Cross-merchandising is a marketing practice by displacing products from different categories in close proximity to get exposure so that consumers interested in a particular product might purchase a related product as well.

Te reason being that if someone is going to buy a particular product, then it is very likely that he or she would probably buy a related or complementary product too.

For example, someone buying a fish tank to set up an aquarium is probably going to need to buy pumps and filters too.

Cross-merchandising is practiced by almost all types of businesses, especially both online and offline retailers.

This can be most commonly observed in practice in large retailers like supermarkets and online ecommerce stores.

For example, an anchor tenant in the form of a hypermarket might locate the section for fresh milk next to the section for cheese. This is partly because they are both dairy products and people who enjoy milk might love cheese as well.

An online store might also place a banner that sends a visitor to the wireless headphones section of the website when he is browsing the section for smart phones.

The cross-marketing of related products are often be easy to understand. But modern marketing tactics has taken cross-merchandising to a whole new level compared to related products and categories.

These days, cross-merchandising can be conducted for:

  • Complementary products
  • Under a same theme
  • Popular items
  • Bestsellers
  • Promotions
  • Newest products
  • Impulse consumer goods
  • Same brand
  • Items other customers interested in a product are also interested in
  • etc

Complementary products are like car rims being displayed together with car tyres.

Different categories can often be marketed under the same theme like festivals such as Christmas and Halloween.

Cross merchandising of popular items can refer to the placement of products that generate the most interest from consumers. It is important to note that distinction between popular and bestselling products. The former can refer to products with the most searches or getting the most eyeballs.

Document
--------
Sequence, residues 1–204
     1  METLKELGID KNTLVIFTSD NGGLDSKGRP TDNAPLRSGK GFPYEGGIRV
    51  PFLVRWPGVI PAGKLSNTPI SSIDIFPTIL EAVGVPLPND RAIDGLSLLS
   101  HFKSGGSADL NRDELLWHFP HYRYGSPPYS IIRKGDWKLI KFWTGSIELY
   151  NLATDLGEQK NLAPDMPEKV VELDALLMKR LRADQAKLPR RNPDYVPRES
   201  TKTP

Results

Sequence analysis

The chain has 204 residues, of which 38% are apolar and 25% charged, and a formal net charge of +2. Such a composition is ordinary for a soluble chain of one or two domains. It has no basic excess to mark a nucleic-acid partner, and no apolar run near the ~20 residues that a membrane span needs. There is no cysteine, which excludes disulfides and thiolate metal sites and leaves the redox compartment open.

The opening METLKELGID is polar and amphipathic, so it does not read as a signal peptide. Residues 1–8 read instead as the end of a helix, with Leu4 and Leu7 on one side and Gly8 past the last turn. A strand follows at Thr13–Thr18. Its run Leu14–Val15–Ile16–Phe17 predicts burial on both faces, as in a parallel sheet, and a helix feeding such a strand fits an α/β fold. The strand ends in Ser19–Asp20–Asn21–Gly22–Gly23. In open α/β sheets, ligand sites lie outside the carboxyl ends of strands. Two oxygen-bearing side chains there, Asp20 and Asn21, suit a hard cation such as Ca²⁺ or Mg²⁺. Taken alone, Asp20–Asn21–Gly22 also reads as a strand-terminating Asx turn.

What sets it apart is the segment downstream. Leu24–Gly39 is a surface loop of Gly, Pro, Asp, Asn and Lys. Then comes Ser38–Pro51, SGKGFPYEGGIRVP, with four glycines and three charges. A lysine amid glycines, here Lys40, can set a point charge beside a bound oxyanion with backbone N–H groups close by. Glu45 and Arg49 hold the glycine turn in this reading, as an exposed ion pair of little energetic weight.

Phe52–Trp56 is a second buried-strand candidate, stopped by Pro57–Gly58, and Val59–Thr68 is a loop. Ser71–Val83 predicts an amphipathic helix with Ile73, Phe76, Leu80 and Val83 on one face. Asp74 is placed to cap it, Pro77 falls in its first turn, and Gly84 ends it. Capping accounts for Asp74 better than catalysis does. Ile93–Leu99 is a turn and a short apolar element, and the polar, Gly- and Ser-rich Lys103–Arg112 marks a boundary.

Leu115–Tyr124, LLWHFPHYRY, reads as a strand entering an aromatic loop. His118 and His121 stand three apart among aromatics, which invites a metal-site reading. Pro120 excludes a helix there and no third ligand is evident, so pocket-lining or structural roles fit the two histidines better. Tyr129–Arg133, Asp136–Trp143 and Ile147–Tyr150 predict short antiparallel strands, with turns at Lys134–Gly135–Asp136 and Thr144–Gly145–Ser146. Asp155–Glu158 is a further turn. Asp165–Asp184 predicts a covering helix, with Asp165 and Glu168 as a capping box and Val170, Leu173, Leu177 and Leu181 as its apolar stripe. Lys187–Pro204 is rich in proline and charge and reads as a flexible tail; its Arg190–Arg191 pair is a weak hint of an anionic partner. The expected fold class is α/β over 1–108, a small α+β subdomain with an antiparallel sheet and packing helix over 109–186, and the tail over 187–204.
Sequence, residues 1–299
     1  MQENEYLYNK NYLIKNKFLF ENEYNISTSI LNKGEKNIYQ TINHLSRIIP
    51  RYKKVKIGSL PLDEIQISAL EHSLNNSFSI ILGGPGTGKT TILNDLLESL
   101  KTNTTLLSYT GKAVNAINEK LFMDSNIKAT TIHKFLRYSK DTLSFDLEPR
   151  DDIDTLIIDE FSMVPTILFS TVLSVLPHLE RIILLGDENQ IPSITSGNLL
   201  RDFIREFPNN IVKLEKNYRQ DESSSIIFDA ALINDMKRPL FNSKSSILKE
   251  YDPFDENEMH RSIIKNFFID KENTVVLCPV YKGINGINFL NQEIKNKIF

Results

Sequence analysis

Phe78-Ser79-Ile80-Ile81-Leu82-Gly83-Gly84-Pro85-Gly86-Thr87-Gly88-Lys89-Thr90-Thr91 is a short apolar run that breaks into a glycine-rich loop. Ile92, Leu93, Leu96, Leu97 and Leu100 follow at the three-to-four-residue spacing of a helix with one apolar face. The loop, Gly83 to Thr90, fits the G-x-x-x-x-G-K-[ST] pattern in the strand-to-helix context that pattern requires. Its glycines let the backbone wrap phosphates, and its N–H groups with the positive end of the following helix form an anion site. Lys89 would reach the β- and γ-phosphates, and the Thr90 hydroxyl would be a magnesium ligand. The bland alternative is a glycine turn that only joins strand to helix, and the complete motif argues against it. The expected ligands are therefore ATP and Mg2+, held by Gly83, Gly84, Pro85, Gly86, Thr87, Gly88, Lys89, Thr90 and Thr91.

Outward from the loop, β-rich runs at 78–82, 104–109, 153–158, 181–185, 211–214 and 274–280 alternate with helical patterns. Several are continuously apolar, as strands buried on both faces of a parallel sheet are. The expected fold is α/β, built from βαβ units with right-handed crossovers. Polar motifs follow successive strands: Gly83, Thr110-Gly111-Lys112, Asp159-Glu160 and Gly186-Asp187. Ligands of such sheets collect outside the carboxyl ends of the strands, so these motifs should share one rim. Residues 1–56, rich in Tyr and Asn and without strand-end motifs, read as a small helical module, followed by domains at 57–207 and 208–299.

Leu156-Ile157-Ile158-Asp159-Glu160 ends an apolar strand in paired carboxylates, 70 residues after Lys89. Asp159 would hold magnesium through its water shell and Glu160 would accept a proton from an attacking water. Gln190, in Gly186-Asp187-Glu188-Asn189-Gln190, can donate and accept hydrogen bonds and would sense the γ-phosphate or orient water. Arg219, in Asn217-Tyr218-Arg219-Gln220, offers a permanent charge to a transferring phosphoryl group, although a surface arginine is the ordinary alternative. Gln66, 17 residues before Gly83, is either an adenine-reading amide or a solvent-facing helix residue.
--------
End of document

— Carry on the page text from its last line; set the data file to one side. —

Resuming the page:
Cross marketing of best selling products with high sell-through can often group the products that are generating the most sales revenue either by units sold or sales figures.

Sometimes promotional events are specifically launched with the theme of low prices. For example, an event for “All Under $10” would be stocked with all types of products from different categories as long as their retail prices are below $10. This allows for a lot of cross-selling of unrelated products as bargain hunters turn up.

For people who like fresh innovative products that are newly released into the market, a section for latest products can generate a lot of buzz.

Impulse products are also often placed near cashiers of retailers seemingly have no linkage to each other except that they are often purchased on impulse. Batteries and candy which are totally unrelated to each other can often be found near cashiers when buying temperature is high.

When cross-merchandising is done on the same brand, many different category of products can be marketing to prospects who identify with the brand. This can often be observed in road shows set up by famous brands.

In the online world of retailing, customers browsing products they are interested in can often be shown advertisements or carousels that display other products that other visitors who viewed the same item have shown interest in. This can often lead visitors into discovering products that they didn’t know they would love.

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